The House passed an MBTA budget bailout bill Wednesday after some controversy along the way that led most Republicans to vote against the bill.
House Minority Leader Bradley Jones (R-North Reading) voted against the bill, along with several other Republican leaders. The bill passed 130 to 25.
The legislation, which now heads to the Senate, helps the T resolve its budget crisis by sweeping the state's motor vehicle inspection trust fund of $51 million in surplus fee revenues to close the deficit remaining in the MBTA's $1.7 billion budget. T fare hikes averaging 23 percent and some service cuts are closing most of the T's budget gap. The fare increases and service cuts take effect July 1.
Some lawmakers from communities further outside the Boston area balked at giving the transit system inspection fee money that is collected statewide.
As a compromise, regional transit authorities are also in line to receive $3.5 million, including $2 million from the trust fund and $1.5 million in surplus snow and ice removal funds. House leaders say a separate deal has been struck with the Senate for $3.5 million more to be set aside for RTA's in next year's budget.
During debate on the bill, Republican lawmakers attempted to tie the release of the $51 million with Chapter 90 funds promised in the spring that cities and towns are still waiting for to conduct road and bridge repairs.
Rep. Daniel Winslow (R-Norfolk) filed an amendment to delay transferring the $51 million to the T until the Legislature and governor give final approval to legislation giving cities and towns $200 million for road and bridge projects. The money is tied up in conference committee after the House and Senate passed differing versions of a transportation bond bill. The House in March passed a bill that included only the $200 million in funding for Chapter 90 local infrastructure projects, stripping out the remaining $1.3 billion in spending authorization proposed by the Patrick administration and passed in the Senate.
The conference committee – four Democrats and two Republicans – has been unable to strike a deal.
Winslow said the same reasons the state is helping the MBTA, including job growth, point to why the state needs to quickly get money to communities for road and bridge projects. Municipal officials have been unable to start spring and summer construction projects because the money is still tied up.
Rep. William Straus, co-chair of the Transportation Committee, argued against the idea saying it was a dangerous precedent to tie transportation projects together.
Jones said the precedent was already set when the state was mandated as the result of a court case to fund certain MBTA projects, including the Green Line extension, as part of the Big Dig project.
"We aren't establishing the precedent," Jones said. "This is a perfect opportunity to send a message to the upper branch, and to the public that we hear them."
The amendment failed 34 to 115.
Several lawmakers said it pained them to give money to the MBTA for a short-term fix to its ongoing budget problems.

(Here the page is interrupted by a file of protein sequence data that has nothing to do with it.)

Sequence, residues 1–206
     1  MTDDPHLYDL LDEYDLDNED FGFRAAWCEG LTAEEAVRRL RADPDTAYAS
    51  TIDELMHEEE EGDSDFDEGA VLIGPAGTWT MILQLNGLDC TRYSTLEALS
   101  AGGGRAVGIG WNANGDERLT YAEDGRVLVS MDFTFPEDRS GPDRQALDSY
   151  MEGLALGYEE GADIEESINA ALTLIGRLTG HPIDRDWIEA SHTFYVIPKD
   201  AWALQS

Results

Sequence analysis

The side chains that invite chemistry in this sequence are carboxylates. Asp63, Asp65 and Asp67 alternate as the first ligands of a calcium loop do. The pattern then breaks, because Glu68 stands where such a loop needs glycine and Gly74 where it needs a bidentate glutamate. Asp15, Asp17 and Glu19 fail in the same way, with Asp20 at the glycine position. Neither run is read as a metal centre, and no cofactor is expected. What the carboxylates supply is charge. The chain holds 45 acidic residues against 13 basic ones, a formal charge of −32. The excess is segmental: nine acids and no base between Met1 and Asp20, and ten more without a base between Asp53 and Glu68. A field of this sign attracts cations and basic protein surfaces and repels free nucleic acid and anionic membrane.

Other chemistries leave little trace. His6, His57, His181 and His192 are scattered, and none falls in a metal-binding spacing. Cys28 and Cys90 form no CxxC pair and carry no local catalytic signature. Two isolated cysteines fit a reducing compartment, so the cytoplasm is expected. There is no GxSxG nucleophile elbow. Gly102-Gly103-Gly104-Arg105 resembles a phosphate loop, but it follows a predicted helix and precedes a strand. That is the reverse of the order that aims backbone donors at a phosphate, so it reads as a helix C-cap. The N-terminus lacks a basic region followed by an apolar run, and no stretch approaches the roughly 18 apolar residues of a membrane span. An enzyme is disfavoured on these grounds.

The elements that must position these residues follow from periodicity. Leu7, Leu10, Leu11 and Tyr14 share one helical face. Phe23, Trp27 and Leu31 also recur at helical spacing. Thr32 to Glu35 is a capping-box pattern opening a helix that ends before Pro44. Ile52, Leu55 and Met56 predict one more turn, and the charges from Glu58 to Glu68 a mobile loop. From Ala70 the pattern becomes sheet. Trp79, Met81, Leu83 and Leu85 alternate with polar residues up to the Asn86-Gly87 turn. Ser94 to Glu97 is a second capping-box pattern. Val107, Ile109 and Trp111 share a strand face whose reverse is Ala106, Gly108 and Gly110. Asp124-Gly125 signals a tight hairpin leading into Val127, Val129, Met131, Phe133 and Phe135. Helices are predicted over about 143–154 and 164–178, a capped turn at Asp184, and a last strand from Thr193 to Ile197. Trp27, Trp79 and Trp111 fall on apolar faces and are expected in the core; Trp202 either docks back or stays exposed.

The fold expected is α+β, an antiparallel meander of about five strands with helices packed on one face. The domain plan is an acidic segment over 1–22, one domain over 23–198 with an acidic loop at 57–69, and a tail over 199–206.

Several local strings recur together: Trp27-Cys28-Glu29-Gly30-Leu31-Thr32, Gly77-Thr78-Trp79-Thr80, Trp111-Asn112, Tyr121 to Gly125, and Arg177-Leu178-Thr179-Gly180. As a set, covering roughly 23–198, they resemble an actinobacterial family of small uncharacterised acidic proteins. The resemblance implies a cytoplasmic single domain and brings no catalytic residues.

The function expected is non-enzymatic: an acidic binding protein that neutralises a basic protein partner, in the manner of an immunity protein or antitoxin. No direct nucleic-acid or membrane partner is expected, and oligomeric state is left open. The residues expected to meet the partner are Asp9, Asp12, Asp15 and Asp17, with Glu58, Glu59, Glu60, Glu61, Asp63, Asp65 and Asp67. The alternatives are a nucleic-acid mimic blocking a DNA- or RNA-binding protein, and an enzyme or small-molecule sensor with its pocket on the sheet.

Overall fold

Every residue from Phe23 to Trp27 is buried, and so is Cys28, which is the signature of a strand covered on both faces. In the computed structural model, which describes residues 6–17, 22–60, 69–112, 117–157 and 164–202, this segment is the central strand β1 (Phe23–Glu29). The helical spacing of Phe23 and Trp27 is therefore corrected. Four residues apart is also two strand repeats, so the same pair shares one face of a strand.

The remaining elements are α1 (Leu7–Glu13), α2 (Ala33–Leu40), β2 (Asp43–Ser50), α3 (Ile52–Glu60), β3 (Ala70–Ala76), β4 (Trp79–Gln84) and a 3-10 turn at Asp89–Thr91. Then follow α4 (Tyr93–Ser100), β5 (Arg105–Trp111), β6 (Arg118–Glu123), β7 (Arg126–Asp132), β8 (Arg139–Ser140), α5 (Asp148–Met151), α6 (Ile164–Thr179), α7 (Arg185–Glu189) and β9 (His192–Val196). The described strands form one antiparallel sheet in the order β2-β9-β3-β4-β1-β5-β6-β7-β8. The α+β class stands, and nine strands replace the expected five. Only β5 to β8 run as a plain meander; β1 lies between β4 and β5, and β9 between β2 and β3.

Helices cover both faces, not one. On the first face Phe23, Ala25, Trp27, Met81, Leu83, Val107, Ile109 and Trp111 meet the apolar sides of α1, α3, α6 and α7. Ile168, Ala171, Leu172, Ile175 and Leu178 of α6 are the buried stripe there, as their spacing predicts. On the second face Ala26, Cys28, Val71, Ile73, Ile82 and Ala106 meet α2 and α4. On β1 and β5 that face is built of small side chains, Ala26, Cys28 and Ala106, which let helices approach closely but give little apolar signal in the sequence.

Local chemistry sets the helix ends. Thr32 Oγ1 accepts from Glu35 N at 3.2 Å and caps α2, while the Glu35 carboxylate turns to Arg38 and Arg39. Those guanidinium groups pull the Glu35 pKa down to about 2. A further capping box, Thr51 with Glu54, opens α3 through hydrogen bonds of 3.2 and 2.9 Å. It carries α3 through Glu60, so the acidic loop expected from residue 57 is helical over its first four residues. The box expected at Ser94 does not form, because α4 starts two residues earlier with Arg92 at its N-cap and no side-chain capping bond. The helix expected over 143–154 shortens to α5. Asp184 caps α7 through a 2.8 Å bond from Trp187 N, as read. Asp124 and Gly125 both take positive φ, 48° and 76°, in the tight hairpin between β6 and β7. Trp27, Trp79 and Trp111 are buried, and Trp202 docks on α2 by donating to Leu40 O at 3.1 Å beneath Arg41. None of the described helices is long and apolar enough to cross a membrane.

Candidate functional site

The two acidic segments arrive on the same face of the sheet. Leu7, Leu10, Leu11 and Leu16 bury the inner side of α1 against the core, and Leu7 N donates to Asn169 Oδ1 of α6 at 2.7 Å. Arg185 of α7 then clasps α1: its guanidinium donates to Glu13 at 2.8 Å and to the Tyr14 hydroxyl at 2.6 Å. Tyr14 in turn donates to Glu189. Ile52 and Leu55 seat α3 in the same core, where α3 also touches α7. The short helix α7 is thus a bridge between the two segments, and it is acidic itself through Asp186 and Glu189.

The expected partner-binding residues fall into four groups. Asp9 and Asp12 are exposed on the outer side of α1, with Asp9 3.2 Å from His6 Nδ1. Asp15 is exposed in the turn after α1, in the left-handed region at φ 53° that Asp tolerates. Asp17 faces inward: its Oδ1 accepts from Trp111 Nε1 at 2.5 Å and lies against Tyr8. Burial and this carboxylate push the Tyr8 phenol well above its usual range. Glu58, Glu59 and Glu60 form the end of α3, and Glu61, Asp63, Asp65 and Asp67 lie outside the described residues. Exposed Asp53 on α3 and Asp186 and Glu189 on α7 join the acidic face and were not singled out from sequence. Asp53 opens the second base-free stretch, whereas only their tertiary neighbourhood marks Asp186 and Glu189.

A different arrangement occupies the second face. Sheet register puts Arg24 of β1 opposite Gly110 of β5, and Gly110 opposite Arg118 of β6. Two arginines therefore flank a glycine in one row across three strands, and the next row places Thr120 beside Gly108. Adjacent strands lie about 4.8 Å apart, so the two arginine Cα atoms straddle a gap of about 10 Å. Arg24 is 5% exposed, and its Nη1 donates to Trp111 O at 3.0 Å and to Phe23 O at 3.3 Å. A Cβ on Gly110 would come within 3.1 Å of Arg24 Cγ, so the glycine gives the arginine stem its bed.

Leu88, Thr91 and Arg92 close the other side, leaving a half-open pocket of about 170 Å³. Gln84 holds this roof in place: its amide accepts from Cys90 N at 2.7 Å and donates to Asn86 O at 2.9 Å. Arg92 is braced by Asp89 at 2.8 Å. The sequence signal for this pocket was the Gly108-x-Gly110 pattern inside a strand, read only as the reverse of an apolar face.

Rep. George Peterson, one of the few Republicans who did vote in favor of the bill, said he did so with "trepidation and concern." Peterson said he was among the group of legislators who, several years ago, forced the MBTA to change the way it operates by requiring a balanced budget as opposed to handing the Legislature a bill at the end of the year. Peterson said he was concerned about a long-term solution.
"I will be supporting this because I understand how badly the T needs this influx of funds right now," he added. "We need to come up with a long-term strategy. Because if we don't, the next time we come here to throw some money at the problem, I won't be that supportive."
Another amendment that would have lowered the motor vehicle inspection fee from $29 to $25 also failed. Rep. Richard Bastien (R-Gardner), who sponsored the amendment, said there was no reason the motor vehicle inspection fund should have such a surplus and said the ballooning account indicated fees were too high. He said they should have been rolled back long ago according to state statute. He called the motor vehicle inspection trust fund a "slush fund" that was now being used to bail out the T.
Straus objected to calling it a "slush fund" and said the account was created to meet federal Clean Air Act standards with a portion of the money going to the Department of Environmental Protection. Using the money to pay for mass-transit aligned with the original goal because people who use public transportation provide clean air benefits to the environment, Straus argued.
The amendment was rejected with 33 voting in favor and 119 against it.
One successful change to the bill would extend the expiration date for multi-ride tickets for the T. Rep. Jay Barrows (R-Mansfield) said it was inconsistent to require retailers to have no expiration dates on their gift cards, yet the T could have tickets expire within 30 days. His amendment, adopted unanimously, pushed the expiration date to 90 days.